On the Hill: Jason Ivanic skis them all | AspenTimes.com
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On the Hill: Jason Ivanic skis them all

Jason Blevins
The Denver Post

SNOWMASS ” Unworthy? Neglected? Overlooked? Ignored?

Jason Ivanic doesn’t care. He is hardly bothered by his leper status among elite skiers of Colorado’s fourteeners.

From February to July 2004, the Colorado Mines graduate skied 65 of the state’s highest peaks, a momentous and unrivaled feat. He skied the privately owned fourteener Culebra Peak a few days shy of the one-year anniversary of his project. It was a personal quest to ski from the top of all of Colorado’s fourteeners in a single year. In his mind, he succeeded.

But, according to strict climbing and ski mountaineering ethics, Ivanic’s adventure is nothing for the record books. The 300 feet of snowless rock he down-climbed from the summit of Pyramid Peak negates his entire effort, as does his admission that a handful of summits were snowless and that he walked several steps down before skiing.

“I didn’t care about exact summits. I skied all them off the summit or near the summit, it was usually within 20 to 30 feet when there wasn’t snow directly on top. I skied everything from the first and highest place I could find snow. I’m really fine being left off the trophy shelf,” says Ivanic, 27.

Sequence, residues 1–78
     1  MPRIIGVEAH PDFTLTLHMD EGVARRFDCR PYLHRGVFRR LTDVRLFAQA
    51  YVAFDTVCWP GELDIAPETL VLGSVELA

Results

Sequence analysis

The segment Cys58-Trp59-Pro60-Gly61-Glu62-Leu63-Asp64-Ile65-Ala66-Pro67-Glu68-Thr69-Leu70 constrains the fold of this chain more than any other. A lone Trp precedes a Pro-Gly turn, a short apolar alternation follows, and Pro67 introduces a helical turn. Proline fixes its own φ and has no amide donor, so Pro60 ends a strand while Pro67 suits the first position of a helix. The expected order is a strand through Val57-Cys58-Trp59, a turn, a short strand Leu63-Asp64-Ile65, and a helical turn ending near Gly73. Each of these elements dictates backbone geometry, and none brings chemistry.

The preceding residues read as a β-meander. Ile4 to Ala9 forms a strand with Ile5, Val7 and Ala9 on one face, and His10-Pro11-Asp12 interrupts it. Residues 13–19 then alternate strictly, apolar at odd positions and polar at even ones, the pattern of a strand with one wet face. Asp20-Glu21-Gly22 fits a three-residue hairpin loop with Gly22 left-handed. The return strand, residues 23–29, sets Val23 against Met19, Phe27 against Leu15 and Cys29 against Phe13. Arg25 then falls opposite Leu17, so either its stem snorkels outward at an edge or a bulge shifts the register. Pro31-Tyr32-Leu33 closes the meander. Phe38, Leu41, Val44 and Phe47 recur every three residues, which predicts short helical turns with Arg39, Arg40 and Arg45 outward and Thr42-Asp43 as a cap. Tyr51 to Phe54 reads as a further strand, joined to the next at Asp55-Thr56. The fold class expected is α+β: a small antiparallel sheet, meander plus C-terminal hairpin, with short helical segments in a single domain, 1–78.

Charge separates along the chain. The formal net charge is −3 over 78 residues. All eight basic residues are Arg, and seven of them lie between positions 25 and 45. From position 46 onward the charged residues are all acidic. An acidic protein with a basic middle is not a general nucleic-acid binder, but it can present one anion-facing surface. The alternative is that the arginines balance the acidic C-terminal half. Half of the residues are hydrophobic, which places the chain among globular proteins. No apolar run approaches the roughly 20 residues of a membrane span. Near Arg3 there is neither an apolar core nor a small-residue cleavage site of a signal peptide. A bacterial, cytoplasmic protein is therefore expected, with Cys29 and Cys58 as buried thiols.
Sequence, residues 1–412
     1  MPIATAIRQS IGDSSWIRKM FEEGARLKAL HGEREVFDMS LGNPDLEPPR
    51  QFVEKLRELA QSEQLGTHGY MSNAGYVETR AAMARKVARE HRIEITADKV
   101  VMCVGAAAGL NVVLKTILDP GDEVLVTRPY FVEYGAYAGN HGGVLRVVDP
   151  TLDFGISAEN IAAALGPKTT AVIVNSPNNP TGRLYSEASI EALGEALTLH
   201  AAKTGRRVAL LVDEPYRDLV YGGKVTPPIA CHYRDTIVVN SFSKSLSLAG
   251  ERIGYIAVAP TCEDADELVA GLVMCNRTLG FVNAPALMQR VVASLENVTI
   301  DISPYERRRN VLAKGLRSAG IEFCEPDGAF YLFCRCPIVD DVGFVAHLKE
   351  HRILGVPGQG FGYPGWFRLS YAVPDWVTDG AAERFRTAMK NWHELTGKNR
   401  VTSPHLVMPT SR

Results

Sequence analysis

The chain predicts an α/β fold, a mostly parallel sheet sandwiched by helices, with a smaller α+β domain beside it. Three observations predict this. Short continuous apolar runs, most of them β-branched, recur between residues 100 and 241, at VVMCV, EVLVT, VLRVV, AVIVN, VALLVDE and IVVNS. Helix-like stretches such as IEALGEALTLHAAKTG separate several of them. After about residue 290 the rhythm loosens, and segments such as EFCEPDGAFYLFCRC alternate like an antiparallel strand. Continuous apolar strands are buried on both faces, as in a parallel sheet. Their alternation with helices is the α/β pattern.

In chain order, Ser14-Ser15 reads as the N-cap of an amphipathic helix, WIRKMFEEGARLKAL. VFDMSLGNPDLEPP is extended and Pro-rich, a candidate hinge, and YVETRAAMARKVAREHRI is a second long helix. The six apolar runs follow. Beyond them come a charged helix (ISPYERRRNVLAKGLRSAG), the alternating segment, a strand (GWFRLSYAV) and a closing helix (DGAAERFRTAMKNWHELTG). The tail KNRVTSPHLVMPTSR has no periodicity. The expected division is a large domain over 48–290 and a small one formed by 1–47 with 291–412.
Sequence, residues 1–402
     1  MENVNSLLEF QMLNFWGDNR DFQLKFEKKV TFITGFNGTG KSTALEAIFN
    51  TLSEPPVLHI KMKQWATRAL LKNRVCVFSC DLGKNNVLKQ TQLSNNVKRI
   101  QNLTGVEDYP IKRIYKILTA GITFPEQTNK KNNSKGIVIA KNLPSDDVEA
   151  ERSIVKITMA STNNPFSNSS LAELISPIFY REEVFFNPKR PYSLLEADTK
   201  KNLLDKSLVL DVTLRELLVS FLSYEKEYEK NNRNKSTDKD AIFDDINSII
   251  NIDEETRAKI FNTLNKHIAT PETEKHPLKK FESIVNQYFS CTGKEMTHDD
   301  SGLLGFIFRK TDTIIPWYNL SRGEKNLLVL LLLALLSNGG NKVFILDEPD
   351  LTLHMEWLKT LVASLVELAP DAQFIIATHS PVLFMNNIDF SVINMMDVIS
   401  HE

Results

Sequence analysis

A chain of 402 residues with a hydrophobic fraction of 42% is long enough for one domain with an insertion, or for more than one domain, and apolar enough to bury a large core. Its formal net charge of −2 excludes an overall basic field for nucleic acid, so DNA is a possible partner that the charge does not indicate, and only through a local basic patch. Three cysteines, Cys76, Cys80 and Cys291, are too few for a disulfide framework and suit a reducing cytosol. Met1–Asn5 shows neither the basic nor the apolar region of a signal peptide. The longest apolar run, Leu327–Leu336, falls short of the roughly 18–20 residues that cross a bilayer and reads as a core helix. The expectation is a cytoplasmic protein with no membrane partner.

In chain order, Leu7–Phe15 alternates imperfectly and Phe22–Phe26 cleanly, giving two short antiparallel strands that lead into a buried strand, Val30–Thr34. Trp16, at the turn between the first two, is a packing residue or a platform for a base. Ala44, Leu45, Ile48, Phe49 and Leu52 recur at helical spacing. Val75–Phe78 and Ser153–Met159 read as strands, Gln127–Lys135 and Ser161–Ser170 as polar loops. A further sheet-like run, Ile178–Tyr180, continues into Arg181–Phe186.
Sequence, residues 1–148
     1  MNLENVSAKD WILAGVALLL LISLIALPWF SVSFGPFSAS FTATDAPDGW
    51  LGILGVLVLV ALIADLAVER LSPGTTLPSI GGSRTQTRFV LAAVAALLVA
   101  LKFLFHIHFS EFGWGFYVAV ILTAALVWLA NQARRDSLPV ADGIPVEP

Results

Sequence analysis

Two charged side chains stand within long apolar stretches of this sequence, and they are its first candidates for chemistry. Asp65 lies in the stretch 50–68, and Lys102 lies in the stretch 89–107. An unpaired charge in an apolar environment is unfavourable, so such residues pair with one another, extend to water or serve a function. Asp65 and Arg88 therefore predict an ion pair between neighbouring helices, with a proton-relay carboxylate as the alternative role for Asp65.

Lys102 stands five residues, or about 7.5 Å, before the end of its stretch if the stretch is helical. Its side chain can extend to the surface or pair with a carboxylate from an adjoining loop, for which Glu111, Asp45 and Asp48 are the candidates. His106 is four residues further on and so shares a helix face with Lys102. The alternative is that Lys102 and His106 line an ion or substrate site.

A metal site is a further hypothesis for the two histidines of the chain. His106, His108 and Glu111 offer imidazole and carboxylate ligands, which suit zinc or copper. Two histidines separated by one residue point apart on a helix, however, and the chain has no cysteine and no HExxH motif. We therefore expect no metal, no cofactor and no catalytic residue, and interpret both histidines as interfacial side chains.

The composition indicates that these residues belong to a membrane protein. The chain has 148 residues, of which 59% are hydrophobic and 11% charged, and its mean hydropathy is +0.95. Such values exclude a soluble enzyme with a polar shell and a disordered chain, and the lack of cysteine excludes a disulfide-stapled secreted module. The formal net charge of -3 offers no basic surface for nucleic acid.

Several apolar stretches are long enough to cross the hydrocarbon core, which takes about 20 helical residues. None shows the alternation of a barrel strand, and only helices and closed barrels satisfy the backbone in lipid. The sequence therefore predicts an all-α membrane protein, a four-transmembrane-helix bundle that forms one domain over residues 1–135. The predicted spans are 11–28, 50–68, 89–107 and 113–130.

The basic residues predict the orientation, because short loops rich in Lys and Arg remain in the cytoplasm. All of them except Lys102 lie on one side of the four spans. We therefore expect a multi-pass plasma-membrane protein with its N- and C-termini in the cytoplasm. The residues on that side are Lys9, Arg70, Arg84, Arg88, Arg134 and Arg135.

“I just like skiing. I like being out there. I don’t know if I was careless or lucky or both. Everything just clicked. I’m not the best skier, and I’m not the best mountaineer. I’ll just wake up at 4 a.m. and climb all day and then I’ll do it again the next morning.”

If you pursue the glory and recognition, it is a strict game in the world of climbing and ski mountaineering. Many climbers have pioneered bold new routes up monster peaks, only to turn back a few short steps from the summit. Those are called unsuccessful attempts. A climber who reaches a summit and dies on the descent is credited with a successful summit.

It’s all about reaching the top in the realm of alpine climbing. But in ski mountaineering, which lacks the historical precedent of climbing and has no governing body, it’s more about the line and where the descent began.

For Aspen’s mountain-man Chris Davenport, he is following the strictest of guidelines in his push to claim ski descents from all 54 Colorado fourteeners.

“Every peak from the exact summit. Nothing else counts,” says Davenport, who is more than halfway through his race to ski all of Colorado’s fourteeners in a single snow season. “It’s an ethical thing and … I’m making sure no one can ever question my ethics or accomplishment.”


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